dict2 = {solved: ''} #stores states with dist 0,1,2,... from the solved state

moveName = 'RUF'
turnName = " 2'"

for i in range(6):
    tmp = {}
    for state in dict1:
        if state in dict2:
            #solution found
            print dict1[state] + dict2[state]
        moveString = dict1[state]
        #do all 9 moves
        for move in range(3):
            for turn in range(3):
                state = applyMove(state, move)
                tmp[state] = moveString + moveName[move] + turnName[turn]
            state = applyMove(state, move)
    dict1 = tmp
    tmp = {}
    for state in dict2:
        if state in dict1:
            #solution found
            print dict1[state] + dict2[state]
        moveString = dict2[state]
        #do all 9 moves
        for move in range(3):
            for turn in range(3):
                state = applyMove(state, move)
                tmp[state] = moveName[move] + turnName[2 - turn] + moveString
            state = applyMove(state, move)
    dict2 = tmp

I'm pretty happy with the result, because I'm quite new to Python. This is one of my first python programs.

edit: half a year later: 427 - 50% = 213.5

Got a little bit more experience in Python and in golfing. So I revised my original code and could save more than 100 character.

import sys;o=''.join;a=sys.argv[1];d=[{o((' ',x)[x in a[12]+a[19]+a[22]]for x in a):[]},{' '*4+(a[12]*2+' '*4+a[19]*2)*2+a[22]*4:[]}]
for h in[0,1]*6:
 for s,x in d[h].items():
  for y in range(12):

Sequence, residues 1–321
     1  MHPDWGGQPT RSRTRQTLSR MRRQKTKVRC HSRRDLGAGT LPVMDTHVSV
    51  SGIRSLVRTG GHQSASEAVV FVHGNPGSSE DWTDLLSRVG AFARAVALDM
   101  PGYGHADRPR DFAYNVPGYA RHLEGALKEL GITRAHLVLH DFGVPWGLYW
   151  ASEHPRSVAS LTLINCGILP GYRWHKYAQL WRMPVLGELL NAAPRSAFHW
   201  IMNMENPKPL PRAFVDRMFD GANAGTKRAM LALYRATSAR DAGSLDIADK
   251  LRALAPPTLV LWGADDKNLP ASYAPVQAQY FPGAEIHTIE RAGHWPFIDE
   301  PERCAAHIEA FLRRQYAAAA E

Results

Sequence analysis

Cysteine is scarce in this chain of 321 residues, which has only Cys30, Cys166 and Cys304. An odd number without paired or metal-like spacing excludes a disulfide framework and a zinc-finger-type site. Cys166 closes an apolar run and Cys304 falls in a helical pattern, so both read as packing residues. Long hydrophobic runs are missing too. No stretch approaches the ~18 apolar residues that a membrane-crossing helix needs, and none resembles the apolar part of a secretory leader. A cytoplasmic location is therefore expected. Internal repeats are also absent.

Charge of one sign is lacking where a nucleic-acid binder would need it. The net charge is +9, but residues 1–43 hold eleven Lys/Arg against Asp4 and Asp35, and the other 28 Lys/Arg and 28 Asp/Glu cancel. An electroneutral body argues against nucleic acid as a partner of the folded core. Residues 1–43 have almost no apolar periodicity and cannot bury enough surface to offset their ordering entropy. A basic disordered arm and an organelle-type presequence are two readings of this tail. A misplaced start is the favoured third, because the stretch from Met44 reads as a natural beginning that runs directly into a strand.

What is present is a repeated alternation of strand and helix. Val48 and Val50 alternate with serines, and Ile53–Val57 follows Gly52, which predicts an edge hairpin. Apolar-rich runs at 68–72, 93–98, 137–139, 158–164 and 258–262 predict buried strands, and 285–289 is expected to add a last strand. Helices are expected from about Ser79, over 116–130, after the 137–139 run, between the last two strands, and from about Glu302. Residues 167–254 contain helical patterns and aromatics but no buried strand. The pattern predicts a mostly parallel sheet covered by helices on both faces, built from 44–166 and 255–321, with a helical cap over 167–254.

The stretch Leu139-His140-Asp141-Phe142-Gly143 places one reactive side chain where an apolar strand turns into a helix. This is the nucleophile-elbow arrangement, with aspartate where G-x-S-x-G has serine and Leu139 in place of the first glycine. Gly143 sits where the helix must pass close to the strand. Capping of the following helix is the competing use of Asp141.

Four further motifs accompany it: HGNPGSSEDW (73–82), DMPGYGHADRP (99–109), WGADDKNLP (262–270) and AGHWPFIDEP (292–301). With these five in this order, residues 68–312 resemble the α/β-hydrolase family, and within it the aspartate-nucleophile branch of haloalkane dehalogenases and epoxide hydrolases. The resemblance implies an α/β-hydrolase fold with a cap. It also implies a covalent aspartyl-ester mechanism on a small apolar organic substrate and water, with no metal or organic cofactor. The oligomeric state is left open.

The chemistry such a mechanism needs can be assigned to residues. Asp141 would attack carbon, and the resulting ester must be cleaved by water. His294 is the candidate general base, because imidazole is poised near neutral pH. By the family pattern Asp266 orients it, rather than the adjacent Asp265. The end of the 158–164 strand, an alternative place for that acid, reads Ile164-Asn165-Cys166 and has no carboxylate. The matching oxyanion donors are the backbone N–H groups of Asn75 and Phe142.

if s in d[1-h]:print o('RUF'[x/4]+" 2'"[x%4]for x in d[0][s]+d[1][s][::-1]);exit()
   s=o(s[ord(c)-97]for c in'acahabcdnpbfegefhugiovjgqkciljdeklflmmmnnvoopxphrqdjrrbsstttuuqsviwwwkxx'[y/4::3])

I basically use the exact same approach. The biggest change is, that I don't define a function anymore. Instead of

def z(d,h):
 for s in d[0]:
  if s in d[1]:...
while 1:v,w=z([v,w],0);w,v=z([w,v],1)

I can do

for h in[0,1]*6:
 for s in d[h]:
  if s in d[1-h]:...

Also I changed the move lamda a little bit. First shortend, and then integrated the code directly, since the function call only appears once.

I keep for each state a list of numbers between 0 and 11, to represent the moves, instead of a string containing the moves. The numbers are converted at the very end.

Also I combined the two for-loops 'for k in r(3):for j in r(3): into one for y in r(12). Therefore I also have to do the moves U4, R4, F4. Of course such a move doesn't appear in the shortest solution, so " 2'"[x%4] works. (If x % 4 == 3, there would be a index out of range exception)

It's also a little bit faster, since I look for the entry in the second set earlier. About 0.5 second for a 11 move solution.

  • 2